These developments will not restrict themselves to the military world but will diffuse into all aspects of every day life. More than just creating new products and gadgets, they have the potential for altering our basic attitudes toward ourselves, each other, and our environments.

The late night lights burn bright in the research labs. Scientists and developers are trying to unravel the mysteries of computer generation of true 3D images. They are finding ways for the computer to make sense of the images we get from the far cosmos, the atom, and our own bodies. They are developing exotic new materials that will make the computer control of movement as easy as the control of pixels. They are narrowing the gap between imagination and realization by creating new kinds of computer linkages between design and manufacture. They are inventing ways for computers to be controlled with our touch, motion, speech, brain waves, and even our body chemistry. Most importantly, driven by that essential human trait of curiosity, they are wondering about these possibilities made possible by computers. It is time for artists to start wondering also.

References and Notes

1. G. Kepes. New Landscapes in Art and Science. George Theobald. Chicago, 1956. Pages 19-20
2. S. Wilson. "Artists as Explorers on the Technological Frontier" Academic Computing Vol. 1: No. 2 (Autumn, 1987)
3. S. Wilson. "Editorial: Industrial Research Artist: A Proposal". Leonardo. Vol 17: No. 2 (Summer, 1984)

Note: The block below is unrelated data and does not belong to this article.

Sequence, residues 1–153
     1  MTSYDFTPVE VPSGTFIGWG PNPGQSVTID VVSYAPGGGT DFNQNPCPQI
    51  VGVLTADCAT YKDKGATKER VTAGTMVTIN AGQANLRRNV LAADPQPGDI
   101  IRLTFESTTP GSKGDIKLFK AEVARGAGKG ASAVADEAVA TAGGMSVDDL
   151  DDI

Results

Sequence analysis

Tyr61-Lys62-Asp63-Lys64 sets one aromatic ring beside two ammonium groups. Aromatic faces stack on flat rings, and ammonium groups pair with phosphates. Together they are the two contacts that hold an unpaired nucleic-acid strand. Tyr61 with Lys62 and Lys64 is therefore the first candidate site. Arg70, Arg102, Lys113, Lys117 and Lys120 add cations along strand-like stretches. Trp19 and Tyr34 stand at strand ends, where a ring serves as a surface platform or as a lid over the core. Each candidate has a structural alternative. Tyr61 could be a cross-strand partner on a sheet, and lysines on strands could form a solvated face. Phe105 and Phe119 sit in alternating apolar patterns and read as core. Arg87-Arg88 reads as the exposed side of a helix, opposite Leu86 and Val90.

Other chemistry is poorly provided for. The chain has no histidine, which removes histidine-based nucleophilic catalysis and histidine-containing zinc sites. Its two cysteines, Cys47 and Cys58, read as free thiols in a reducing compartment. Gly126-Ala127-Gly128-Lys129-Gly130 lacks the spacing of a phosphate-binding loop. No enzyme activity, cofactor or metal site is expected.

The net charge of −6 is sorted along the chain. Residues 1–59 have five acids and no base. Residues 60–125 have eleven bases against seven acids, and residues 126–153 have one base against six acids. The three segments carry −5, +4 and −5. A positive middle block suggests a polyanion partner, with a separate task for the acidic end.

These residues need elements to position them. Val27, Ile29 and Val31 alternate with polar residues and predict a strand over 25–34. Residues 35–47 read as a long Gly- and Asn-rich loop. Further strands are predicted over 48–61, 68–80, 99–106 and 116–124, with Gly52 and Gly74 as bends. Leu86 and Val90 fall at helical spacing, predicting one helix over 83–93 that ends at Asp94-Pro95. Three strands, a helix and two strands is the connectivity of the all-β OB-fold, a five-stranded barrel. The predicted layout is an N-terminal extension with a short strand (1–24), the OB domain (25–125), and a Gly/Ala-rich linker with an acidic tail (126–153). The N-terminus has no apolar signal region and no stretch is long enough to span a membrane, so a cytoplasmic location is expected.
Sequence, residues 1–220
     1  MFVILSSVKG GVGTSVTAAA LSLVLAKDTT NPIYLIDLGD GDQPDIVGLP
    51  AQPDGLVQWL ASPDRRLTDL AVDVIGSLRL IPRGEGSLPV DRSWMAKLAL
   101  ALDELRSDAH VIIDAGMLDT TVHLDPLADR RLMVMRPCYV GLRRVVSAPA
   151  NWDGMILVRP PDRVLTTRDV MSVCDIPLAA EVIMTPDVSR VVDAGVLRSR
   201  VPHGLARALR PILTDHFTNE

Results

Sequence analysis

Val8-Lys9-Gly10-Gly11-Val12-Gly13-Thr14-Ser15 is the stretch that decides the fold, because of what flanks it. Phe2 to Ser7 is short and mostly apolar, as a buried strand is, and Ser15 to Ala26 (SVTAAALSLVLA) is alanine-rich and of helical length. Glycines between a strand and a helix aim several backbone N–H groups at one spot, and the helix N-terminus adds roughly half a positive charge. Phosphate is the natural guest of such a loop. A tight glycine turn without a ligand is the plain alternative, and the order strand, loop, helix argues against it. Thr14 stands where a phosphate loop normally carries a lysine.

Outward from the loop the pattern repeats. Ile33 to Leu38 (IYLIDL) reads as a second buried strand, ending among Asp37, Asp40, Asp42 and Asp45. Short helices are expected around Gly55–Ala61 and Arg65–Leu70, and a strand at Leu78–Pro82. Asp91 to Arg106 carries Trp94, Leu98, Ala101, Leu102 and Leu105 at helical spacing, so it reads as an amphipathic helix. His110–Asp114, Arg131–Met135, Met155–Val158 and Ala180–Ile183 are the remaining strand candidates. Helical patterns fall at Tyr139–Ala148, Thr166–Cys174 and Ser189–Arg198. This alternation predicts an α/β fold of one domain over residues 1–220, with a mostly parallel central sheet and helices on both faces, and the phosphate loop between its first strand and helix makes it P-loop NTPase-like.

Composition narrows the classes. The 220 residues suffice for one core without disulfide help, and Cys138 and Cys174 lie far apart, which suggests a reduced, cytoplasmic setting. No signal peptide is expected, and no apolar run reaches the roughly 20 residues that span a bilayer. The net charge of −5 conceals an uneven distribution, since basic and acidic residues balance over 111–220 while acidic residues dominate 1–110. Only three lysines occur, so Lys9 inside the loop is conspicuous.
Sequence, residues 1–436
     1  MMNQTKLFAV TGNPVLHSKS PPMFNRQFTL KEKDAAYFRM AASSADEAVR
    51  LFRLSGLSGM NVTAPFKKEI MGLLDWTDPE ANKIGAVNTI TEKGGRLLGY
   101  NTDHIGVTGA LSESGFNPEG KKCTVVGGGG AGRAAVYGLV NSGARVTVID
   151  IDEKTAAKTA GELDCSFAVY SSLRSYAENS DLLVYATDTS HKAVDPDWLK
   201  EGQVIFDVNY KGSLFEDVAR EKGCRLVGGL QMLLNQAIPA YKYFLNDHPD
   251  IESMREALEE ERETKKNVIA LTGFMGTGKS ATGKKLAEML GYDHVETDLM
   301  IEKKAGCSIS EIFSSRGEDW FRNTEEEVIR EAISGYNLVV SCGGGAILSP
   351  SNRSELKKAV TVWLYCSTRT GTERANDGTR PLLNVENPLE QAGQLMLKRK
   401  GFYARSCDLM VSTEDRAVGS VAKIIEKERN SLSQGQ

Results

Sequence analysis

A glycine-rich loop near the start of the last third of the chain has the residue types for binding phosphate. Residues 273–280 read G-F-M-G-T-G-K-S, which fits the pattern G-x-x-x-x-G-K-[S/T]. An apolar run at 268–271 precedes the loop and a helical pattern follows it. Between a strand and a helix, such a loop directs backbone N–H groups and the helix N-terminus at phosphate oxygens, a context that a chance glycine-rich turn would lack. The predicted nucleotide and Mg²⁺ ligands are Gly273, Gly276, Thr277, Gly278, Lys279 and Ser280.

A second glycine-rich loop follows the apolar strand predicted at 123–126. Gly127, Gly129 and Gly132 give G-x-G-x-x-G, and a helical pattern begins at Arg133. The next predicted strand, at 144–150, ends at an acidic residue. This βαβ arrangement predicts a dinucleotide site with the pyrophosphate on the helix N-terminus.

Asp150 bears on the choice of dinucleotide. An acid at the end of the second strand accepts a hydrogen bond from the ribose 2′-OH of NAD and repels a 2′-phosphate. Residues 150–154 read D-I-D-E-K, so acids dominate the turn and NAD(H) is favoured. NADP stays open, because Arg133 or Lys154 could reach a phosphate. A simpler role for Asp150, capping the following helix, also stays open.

4. S. Wilson. "Environment-Sensing Artworks and Interactive Events: Exploring Implications of Microcomputer Developments". Leonardo. Vol 16: No. 4 (Autumn, 1983)
5. D. Cox. "Using the Super Computer to Visualize Higher Dimensions: An Artist's Contribution to scientific Visualization". Leonardo. Vol 21: No. 3 (Autumn, 1988)
6. F. Dietrich. "Visual Intelligence: The First Decade of Computer Art (1965-1975)". Leonardo. Vol 19: No. 4 (Winter, 1986)
7. H. Franke. Computer Graphics: Computer Art. Springer-Verlag. Berlin, 1985 (Revised Edition).
8. M. Krueger. Artificial Reality. Addison Wesley. Reading, Massachusetts, 1983.
9. D. Rosenboom (ed.) Biofeedback and the Arts: Results of Early Experiments. Aesthetic Research Centre of Canada. Vancouver, 1976. (Available from Frog Peak Music, Box 9911, Oakland, CA 94613)
10. S. Wilson. Using Computers to Create Art. Prentice Hall. Englewood Cliffs, New Jersey, 1986

List of Figures

(sorry not available in this web version)

1. Texas Instrument's Multiplanar 3-D Display creates an optically true three dimensional image that viewers can walk around. The image is created by the synchronization of a laser beam on a rotating, changing angle mirror

2. This Positive Emission Tomography (PET) brain scan was artifically colored by Gould computer equipment to show the physiology of the brain under the two conditions of eyes open and eyes closed

3. This Fractal Image of the Mandelbroit Set was generated at the IBM Research Center.

4 This 3Space Three-Dimensional Digitizer from McDonnel Douglas allows a user to input information into a computer by moving a stylus over a real object.

5 3-D Systems stereo lithography process creates a plastic model by using the computer graphic mathematical model of an object to control laser beams aimed at plastic polymers that solidfy wherever the beams focus.

6 This superconducting ceramic magnet available from Edmund Scientific allows experimentors to make objects float suspended by magnetic forces.

7 Nintendo's "Power Set" computer game allows users to control the game by running and jumping on top a plastic force sensing sheet.

8 Videx's Time Wand bar code scanning system allows the computer to keep track of documents and people.

9 Talking Pictures' photo frame allows people to record voice messages that are activated any time anyone lifts the frame.

þTechnological Research and Development as a Source of Ideas and Inspiration for Artists

- This page created by Stephen Wilson, Professor Conceptual Design, SFSU ( Art Dept, SFSU,1600 Holloway, SF, CA 94132